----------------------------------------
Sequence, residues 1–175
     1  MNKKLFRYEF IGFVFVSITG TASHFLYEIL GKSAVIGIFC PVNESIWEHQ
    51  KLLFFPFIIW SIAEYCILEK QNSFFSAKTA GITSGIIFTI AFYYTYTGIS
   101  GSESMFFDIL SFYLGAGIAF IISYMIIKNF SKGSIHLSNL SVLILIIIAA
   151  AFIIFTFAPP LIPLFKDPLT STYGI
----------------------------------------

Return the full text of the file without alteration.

Sequence, residues 1–175
     1  MNKKLFRYEF IGFVFVSITG TASHFLYEIL GKSAVIGIFC PVNESIWEHQ
    51  KLLFFPFIIW SIAEYCILEK QNSFFSAKTA GITSGIIFTI AFYYTYTGIS
   101  GSESMFFDIL SFYLGAGIAF IISYMIIKNF SKGSIHLSNL SVLILIIIAA
   151  AFIIFTFAPP LIPLFKDPLT STYGI